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Chick Corea and Bela Fleck - The Enchantment Print E-mail
Saturday, 01 September 2007
format:    16-bit CD
performance:    8
sound:    7
released:    2007
label:    Concord
reviewer:    Scott Yanow

ImageLet’s see. This is a set of piano-banjo duets and there is a gramophone drawn on the cover of the album. Therefore, this must be a program of New Orleans jazz warhorses plus perhaps a few ragtime pieces.

Needless to say, that guess is off the mark. Bela Fleck has been defying standards and stereotypes since the beginning of his career. The banjo, although used in many jazz groups in the 1920s due to its superior volume, was replaced by the guitar by the early 1930s when recording techniques improved and microphones became standard. Relegated in jazz to Dixieland groups and considered one of the key instruments in bluegrass and country music, the banjo is virtually extinct in modern jazz. It would be impossible to come up with three bebop banjoists.

But Bela Fleck has been a trailblazer throughout his career. Ever since getting his first banjo in 1973, Fleck has performed jazz of several styles (swing, straight-ahead and even fusion), progressive bluegrass, Western swing and other idioms. With the New Grass Revival in the 1980s, he opened up bluegrass music to include rock and jazz. In 1988 he formed Bela Fleck and the Flecktones, a group consisting of banjo, Howard Levy on harmonica (who later dropped out), virtuosic electric bassist Victor Wooten, his brother Roy Wooten, who as “Future Man” plays a Drumitar, and recently saxophonist Jeff Coffin. Their music is impossible to classify.
While Chick Corea plays more conventional instruments (the piano and on some projects electric keyboards and synthesizers), he has always had an adventurous and open-minded spirit similar to Fleck’s. His career includes important stints with Blue Mitchell, Herbie Mann, Stan Getz, Sarah Vaughan and Miles Davis. Corea co-led the avant-garde quartet Circle and has led Return To Forever, his Elektric Band, the Akoustic Band and a variety of occasional combos including duos with Herbie Hancock and Gary Burton.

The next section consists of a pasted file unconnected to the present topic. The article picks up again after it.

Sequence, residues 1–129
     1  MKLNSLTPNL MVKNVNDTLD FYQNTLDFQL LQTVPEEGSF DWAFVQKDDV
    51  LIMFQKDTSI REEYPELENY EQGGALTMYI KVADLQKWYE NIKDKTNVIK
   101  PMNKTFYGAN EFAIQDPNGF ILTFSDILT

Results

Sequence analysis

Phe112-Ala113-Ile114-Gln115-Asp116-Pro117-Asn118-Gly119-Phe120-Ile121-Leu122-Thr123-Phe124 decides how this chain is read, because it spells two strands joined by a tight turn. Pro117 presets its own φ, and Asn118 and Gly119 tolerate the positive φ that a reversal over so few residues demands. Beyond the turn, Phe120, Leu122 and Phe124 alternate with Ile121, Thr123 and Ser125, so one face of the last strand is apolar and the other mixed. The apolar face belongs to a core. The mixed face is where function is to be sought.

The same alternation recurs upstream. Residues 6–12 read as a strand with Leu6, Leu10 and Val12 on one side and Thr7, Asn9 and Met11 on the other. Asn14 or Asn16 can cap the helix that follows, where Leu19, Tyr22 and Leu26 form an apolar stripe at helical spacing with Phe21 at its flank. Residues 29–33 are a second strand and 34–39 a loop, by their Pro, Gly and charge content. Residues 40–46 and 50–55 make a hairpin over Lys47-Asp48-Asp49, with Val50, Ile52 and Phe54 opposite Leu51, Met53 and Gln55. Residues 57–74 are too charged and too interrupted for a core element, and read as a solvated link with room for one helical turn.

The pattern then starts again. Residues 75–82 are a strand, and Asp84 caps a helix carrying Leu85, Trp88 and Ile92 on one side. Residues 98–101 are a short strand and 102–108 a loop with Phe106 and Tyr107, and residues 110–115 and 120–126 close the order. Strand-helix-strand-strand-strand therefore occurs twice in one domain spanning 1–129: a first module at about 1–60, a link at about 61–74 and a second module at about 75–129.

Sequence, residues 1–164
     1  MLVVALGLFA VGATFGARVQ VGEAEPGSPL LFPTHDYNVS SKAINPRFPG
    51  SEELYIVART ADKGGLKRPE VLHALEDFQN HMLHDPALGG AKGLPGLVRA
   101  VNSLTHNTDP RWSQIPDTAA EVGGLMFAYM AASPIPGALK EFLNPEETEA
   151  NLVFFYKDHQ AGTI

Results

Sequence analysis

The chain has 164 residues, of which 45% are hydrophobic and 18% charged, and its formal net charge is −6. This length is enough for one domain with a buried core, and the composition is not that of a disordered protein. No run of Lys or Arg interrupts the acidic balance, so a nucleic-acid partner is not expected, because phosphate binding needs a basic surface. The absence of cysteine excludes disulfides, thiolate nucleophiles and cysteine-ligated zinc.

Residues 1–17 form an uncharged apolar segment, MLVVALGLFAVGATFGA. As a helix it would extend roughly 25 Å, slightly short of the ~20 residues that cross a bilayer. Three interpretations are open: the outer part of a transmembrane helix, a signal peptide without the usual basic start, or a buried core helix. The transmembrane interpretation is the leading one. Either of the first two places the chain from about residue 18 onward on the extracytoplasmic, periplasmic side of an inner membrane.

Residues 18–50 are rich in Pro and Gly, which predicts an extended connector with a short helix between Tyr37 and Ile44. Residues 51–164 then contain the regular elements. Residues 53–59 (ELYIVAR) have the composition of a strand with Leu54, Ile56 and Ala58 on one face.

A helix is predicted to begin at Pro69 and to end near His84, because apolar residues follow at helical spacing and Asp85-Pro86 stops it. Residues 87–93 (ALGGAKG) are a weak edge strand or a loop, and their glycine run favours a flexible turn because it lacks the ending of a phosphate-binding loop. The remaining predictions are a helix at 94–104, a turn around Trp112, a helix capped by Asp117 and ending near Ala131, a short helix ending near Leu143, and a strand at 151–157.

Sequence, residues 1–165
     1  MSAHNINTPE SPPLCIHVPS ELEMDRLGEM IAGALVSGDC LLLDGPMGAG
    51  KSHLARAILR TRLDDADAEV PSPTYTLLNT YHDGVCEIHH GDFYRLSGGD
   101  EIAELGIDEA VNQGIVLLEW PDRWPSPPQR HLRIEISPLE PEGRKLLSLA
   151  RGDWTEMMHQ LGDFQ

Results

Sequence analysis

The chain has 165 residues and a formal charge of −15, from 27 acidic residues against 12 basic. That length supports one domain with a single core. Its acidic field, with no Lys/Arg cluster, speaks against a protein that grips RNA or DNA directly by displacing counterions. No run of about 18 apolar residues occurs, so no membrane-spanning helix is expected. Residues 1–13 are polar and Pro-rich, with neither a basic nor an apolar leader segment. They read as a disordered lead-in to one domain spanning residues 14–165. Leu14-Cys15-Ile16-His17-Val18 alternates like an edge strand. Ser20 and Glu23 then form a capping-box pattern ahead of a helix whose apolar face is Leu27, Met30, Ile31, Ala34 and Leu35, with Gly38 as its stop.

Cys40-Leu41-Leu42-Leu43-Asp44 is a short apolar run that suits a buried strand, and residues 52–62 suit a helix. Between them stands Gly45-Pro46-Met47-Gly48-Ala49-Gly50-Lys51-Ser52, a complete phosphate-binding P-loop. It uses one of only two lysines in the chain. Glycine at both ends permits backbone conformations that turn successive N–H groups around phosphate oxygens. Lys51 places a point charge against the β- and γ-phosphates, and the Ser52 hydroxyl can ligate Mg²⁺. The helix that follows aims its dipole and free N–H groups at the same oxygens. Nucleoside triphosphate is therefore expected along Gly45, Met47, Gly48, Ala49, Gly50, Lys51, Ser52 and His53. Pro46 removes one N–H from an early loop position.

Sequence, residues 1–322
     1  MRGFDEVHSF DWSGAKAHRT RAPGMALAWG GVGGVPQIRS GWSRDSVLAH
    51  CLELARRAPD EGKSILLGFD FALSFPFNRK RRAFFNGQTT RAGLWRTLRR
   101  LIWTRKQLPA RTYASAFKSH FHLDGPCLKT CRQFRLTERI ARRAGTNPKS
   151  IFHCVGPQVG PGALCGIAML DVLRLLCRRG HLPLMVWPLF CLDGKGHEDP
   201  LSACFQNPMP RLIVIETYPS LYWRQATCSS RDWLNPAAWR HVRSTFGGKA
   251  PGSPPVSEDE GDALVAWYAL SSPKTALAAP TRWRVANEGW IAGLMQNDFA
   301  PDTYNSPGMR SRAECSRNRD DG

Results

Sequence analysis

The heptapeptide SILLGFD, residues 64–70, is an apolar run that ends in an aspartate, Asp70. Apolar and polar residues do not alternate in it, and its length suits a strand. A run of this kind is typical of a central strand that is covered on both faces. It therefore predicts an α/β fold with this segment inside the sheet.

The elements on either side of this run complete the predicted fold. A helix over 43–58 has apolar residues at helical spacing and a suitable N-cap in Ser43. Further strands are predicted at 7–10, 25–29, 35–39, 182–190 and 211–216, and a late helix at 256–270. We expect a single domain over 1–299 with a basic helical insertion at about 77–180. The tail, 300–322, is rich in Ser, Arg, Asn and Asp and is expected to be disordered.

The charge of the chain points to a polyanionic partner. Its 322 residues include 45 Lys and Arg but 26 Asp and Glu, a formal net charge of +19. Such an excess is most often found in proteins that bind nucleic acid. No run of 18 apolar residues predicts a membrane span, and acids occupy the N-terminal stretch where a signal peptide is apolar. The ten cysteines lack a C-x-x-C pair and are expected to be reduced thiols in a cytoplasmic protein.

Both Corea and Fleck are the type of musicians who are up for any challenge. On The Enchantment, Corea contributed four originals, Fleck brought in six, and they also perform the standard “Brazil.”

How does one describe this music? Very much a musical partnership. Corea and Fleck take some individual solos while being accompanied by each other, but the most exciting music and the bulk of the playing involves very active ensembles. Corea leaves plenty of space for Fleck’s picking and Fleck never tries to sound like a guitarist, not sacrificing his individuality. The constant interplay between the two musicians seems mutually inspiring (neither had recorded in this instrumental setting before), and they challenge each other to come up with fresh ideas.

The music is modern jazz, ranging from introspective to jubilant, touched by a strong Spanish and Latin tinge, and episodic. Sometimes the playing hints at classical and at other times looks towards modern bluegrass. But, as is true of most of Chick Corea’s and Bela Fleck’s other projects, their duets cannot be easily categorized. Fans of either musician will find this historic collaboration to be unique and quite enjoyable.

The most difficult part of recording piano-banjo duets has to be getting the balance correct. The piano, particularly when played by a master such as Chick Corea, is normally much louder. For this project, Corea leaves more space than usual and makes Fleck sound very much at home. The result is that the banjo sounds like an extension of the piano, and the two musicians often sound like one, assisted by the expert engineering.

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